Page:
The Governor was authorized to receive a loan of five hundred thousand dollars from the banks, and to issue State bonds to the amount of one million dollars. He was also authorized to purchase arms; and the whole military power of the State
was placed under his absolute control, while every able-bodied man was made subject to military duty.
A heavy extraordinary tax was ordered; and nothing was left undone in preparations for actual war.
Soon after General Harney
returned to his command, he issued a proclamation,
in which he characterized this military bill as an indirect secession ordinance, even ignoring the forms resorted to by the politicians of other States, and he told the people of Missouri
that it was a nullity, and should be regarded as such by them.
Yet he was anxious to pursue a conciliatory policy, to prevent war. He entered into a compact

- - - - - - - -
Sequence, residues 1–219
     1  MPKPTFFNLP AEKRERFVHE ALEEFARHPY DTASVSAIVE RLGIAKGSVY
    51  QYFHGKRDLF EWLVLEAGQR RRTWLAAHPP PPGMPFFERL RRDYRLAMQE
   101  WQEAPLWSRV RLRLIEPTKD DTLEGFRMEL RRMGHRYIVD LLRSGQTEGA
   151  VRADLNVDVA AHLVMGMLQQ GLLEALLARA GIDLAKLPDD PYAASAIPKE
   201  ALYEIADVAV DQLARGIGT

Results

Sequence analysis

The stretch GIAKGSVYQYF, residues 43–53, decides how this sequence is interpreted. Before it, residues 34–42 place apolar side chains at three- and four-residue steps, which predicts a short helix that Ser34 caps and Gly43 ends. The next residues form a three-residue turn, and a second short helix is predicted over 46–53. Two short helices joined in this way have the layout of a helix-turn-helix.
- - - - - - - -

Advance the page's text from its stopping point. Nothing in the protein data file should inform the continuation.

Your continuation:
with Sterling Price
of the late Convention, and then a General of the State
militia), which had for its object the neutrality of Missouri
in the impending conflict.
, in the name of the Governor
, pledged the power of the State
to the maintenance of order; and Harney
, in the name of his Government, agreed to make no military movement, so long as that order was preserved.
The loyal people were alarmed, for they well knew the faithlessness to pledges of the Governor
and his associates, and they justly regarded the whole matter as a trick of Jackson
and other conspirators to deceive the people, and to gain time to get arms, and prepare for war. Fortunately for the State
and the good cause, the National Government
did not sanction this compact.
had been commissioned a brigadier-general
in the mean time, by an order dated the 16th of May, several days before this treaty with Price